In 2017, Emerging Markets (EM) hard currency debt (JPMorgan EMBI Global Diversified) delivered a 10.3% return.
In 2017, Emerging Markets (EM) hard currency debt (JPMorgan EMBI Global Diversified) delivered a 10.3% return. All three components of the return – the carry(1), the risk premium and US treasuries – were positive.
Annual Performance (% in USD) to 31 December 2017
These figures refer to the past. Past performance is not a reliable indicator of future results. For investors based in countries with currencies other than the share class currency, the return may increase or decrease as a result of currency fluctuations.
Performance data is calculated on a net basis by deducting fees (a model fee of 60bps has been applied) from a gross of fee return. The internally calculated gross of fee return excludes all costs (e.g. custody costs), save that it does not exclude costs associated with buying or selling securities within the portfolio. Income is re-invested on a gross of tax basis. Source: Lipper IM/First State Investments (UK) Limited.
EM Debt Total Return in 2017 by component
Source: Bloomberg and JP Morgan (EMBIG Diversified Index Total Return) as at 31 December 2017
On the economic front, tailwinds for the asset class over the past year were accelerated global and EM growth, higher commodity prices, a weak dollar and an uptrend in global trade volumes. This combination led to falling EM risk premia¹, in particular the risk premia of the riskiest credits (with the exception of Venezuela). After stellar 2017 performance, the question is, what performance can we expect from EM debt in 2018? Will these tailwinds continue? What will be different in 2018?
¹ Risk premia is the return in excess of the risk-free rate of return of an investment
We expect the global environment to remain positive for EM in 2018, with the synchronized global recovery potentially leading to higher EM growth and stable to rising commodity prices. Global trade volumes are rising and EMs are currently benefitting from higher export demand. Despite expectations that G3 Central Banks (including the European Central Bank, the Bank of Japan and the Federal Reserve Bank) will begin exiting quantitative easing (QE) by reducing their balance sheets in 2018, our base case is that global interest rates will not move dramatically higher as G3 Central Banks are likely to adjust their accommodative stance slowly and cautiously. The risk to our positive base case could come from a faster than expected rise in US inflation, which would lead to a more rapid rise in global rates. Given stretched valuations across a number of asset classes, such a repricing of global rates could dent the bullish market sentiment and risk appetite.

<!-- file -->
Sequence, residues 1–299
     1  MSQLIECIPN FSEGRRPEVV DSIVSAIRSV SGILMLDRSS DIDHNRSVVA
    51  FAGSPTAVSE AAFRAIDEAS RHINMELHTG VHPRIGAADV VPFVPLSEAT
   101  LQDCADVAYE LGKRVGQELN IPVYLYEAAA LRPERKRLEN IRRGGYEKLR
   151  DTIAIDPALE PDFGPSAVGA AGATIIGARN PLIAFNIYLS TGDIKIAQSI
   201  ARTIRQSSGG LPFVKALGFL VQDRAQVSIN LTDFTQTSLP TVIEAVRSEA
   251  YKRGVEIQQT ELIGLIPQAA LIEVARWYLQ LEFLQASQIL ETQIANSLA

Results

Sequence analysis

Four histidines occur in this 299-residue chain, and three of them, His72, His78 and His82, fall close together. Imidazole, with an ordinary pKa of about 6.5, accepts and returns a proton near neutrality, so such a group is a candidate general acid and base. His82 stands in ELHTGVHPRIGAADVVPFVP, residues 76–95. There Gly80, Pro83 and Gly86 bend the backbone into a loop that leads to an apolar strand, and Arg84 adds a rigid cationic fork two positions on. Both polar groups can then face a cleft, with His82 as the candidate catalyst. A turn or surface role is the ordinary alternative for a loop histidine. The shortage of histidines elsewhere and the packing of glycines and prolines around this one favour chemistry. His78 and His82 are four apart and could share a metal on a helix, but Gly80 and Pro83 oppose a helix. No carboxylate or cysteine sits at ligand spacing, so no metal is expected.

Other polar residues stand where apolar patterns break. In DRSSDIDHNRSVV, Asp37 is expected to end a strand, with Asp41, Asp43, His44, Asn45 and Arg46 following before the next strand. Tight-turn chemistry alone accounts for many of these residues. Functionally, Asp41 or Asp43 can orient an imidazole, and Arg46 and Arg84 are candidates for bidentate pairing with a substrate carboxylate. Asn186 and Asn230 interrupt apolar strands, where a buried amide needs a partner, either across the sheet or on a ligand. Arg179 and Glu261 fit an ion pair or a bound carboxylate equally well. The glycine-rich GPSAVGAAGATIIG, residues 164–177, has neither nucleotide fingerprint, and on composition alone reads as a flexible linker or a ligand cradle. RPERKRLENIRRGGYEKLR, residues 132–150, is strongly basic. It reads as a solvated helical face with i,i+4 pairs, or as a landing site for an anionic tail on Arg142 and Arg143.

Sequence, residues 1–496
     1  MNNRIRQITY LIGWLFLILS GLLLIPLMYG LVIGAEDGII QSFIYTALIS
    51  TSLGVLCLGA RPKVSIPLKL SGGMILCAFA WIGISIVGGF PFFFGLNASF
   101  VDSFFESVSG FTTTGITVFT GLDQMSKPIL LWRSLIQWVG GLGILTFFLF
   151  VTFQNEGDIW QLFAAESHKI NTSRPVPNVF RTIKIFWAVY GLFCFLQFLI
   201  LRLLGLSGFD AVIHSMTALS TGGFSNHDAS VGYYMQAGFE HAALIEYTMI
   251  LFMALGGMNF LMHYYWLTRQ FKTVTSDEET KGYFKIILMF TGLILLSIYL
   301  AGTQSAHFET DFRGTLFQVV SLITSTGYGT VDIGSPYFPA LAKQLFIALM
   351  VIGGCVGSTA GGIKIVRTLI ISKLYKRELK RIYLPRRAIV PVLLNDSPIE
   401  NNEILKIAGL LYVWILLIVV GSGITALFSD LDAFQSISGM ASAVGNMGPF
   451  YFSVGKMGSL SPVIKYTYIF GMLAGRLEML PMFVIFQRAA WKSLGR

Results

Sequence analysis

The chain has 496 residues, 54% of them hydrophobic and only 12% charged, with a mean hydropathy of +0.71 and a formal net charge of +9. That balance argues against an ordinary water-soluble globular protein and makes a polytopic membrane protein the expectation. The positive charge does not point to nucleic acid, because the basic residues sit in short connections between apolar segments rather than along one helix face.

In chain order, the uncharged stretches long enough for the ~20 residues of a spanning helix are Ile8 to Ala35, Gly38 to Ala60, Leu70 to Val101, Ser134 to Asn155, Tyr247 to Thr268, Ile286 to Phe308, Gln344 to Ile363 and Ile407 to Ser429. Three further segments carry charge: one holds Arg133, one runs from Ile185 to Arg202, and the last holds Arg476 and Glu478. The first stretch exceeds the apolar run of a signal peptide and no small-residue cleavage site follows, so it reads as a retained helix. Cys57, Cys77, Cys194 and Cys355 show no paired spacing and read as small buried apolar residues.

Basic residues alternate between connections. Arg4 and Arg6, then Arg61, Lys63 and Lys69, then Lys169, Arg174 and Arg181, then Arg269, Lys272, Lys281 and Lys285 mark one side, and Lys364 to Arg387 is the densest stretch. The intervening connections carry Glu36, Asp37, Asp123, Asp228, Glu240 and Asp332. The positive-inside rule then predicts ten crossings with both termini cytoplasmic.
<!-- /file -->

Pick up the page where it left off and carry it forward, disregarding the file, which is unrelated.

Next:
In this benign global environment, we maintain a constructive view on EM debt. While valuations and spread levels are less attractive than at the start of 2017, we expect another year of positive performance although this cannot be guaranteed. Unlike 2017, however, we expect market returns to be driven by falling EM risk premia and carry amid rising US treasury rates.
The key risks to EM performance in 2018 are likely, in our view, to come from more protectionist US trade policies. If the Trump administration moves to enact such policies it would have adverse effects on a number of EM countries, particularly Mexico.
Technicals and Valuation:
EM bond funds saw record inflows in 2017 on the back of the positive fundamental backdrop for the asset class as well as attractive valuations. As the global backdrop remains agreeable, we would expect inflows to continue into 2018. From a supply point of view, net issuance from EM sovereigns is expected to be lower than in 2017, so we would anticipate a positive supply/demand balance for EM sovereigns. In quasi-sovereign issuers, we see improved financial metrics and a positive rating trend. Companies have been reducing capital expenditure and dividends, postponing M&A, preserving cash and extending debt maturities. There as well, we see a supportive technical position. Whilst new issue supply in 2018 is expected to match 2017’s record at around US$440bn in corporate and quasi-sovereign issuance, net financing needs are forecast at less than $110bn, lower than in 2017.
Gross / Net EM Debt Issuance
Source: JP Morgan, as at December 2017.
As mentioned earlier, EM valuations are less compelling than at the start of 2017, but in relative terms compared to other fixed income asset classes, risk premia in EM in our opinion look attractive, particularly in an environment of rising commodity prices and improving fundamentals.